[Python-Dev] Trashing recursive objects comparison?

Guido van Rossum guido at python.org
Fri Oct 17 10:46:31 EDT 2003

> I'm bringing (again) the subject of comparison of recursive objects to the 
> table because I just happened to write a buggy piece of code:
> class X:
>    def __eq__(self, other):
>       return self.content == other
> This code was buggy because 'self.content' could occasionally be 'self'. In
> this case it should have triggered an infinite recursion, and I should have
> got a nice (if a bit long) RuntimeError traceback that told me where the
> problem was. At least, this is how I would expect my piece of code to
> misbehave.
> Instead, the answer was 'True', whatever 'other' actually was. Puzzlement
> would have gained me if I had no idea about what a bisimulation, or graph
> isomorphism, is, and what Python's implementation of that idea is.
> Quoting Tim on bug #625698:
> > As Erik's latest example shows, the outcome isn't always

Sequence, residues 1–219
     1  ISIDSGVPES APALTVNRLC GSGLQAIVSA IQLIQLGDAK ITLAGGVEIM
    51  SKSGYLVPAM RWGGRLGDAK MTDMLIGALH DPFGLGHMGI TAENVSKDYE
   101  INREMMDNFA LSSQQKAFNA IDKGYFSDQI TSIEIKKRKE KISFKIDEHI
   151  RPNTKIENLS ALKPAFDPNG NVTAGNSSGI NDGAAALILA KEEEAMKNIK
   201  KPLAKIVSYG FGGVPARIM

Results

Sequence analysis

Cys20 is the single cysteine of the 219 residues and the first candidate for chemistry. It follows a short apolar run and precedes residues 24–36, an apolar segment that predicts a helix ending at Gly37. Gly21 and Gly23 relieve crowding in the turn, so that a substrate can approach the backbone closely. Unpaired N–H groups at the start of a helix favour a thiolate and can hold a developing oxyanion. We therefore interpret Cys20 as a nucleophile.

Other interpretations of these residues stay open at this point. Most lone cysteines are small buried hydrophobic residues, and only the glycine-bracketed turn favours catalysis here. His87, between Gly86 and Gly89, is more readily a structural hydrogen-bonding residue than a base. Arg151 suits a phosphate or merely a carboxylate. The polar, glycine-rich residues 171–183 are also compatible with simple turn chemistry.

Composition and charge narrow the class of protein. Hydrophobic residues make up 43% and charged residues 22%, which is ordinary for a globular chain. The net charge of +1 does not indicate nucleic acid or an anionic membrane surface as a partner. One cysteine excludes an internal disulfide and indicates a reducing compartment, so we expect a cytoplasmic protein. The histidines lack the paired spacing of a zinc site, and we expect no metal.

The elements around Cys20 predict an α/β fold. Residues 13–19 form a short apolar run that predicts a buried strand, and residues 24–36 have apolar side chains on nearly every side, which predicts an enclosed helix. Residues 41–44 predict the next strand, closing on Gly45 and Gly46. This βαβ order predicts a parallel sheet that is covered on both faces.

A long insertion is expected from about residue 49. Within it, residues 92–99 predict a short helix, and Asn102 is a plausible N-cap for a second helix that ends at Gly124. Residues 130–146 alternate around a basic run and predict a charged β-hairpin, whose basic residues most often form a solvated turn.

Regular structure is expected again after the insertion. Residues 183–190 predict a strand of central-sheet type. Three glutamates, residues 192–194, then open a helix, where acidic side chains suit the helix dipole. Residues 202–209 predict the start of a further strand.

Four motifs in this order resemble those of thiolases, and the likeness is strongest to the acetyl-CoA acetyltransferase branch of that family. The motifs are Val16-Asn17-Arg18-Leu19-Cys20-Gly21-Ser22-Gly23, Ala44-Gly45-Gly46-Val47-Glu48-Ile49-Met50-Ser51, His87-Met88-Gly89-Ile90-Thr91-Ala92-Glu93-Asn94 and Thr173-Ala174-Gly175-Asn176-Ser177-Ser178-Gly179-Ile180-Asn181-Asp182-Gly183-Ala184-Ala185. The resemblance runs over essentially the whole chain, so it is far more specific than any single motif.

> > particularly well defined either.  An alternative to speeding
> > this
> > silliness is to raise an exception instead when recursive 
> > objects are detected.  There was some hack value in doing 
> > the graph isomorphism bit, but no real practical value I can 
> > see.
> If the pretty academic subject of graph isomorphisms is well-worn
> enough to be sent to the trash, I'll submit a patch that just
> removes all this code and instead use the existing
> sys.recursionlimit counter to catch infinite recursions and throw
> the usual RuntimeError.

Go for it, Armin.

--Guido van Rossum (home page: http://www.python.org/~guido/)

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